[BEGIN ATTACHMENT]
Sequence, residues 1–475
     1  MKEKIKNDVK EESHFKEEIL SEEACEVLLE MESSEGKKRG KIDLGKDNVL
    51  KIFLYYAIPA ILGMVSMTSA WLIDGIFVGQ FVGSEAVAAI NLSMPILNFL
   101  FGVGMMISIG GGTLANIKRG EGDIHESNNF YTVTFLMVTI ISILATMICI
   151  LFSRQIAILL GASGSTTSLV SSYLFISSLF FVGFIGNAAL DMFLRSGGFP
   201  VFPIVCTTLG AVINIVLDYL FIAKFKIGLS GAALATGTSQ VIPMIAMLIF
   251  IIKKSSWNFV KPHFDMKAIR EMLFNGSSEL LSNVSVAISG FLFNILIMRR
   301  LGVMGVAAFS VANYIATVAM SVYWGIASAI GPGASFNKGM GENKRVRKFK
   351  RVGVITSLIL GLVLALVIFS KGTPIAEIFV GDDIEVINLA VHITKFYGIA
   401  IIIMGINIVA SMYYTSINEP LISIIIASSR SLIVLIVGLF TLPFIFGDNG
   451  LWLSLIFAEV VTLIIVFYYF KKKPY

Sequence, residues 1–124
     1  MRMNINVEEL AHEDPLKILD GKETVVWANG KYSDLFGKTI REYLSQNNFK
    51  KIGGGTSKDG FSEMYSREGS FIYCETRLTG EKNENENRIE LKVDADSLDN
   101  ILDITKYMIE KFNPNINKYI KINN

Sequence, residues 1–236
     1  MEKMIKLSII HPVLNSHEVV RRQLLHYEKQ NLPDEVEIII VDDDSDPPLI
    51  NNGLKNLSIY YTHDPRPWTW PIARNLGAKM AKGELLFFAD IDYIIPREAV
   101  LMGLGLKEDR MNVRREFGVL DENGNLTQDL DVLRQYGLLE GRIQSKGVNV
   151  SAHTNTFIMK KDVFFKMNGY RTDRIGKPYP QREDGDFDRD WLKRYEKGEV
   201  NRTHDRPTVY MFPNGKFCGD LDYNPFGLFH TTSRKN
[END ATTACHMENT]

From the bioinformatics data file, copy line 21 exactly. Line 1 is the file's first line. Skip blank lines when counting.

   201  NRTHDRPTVY MFPNGKFCGD LDYNPFGLFH TTSRKN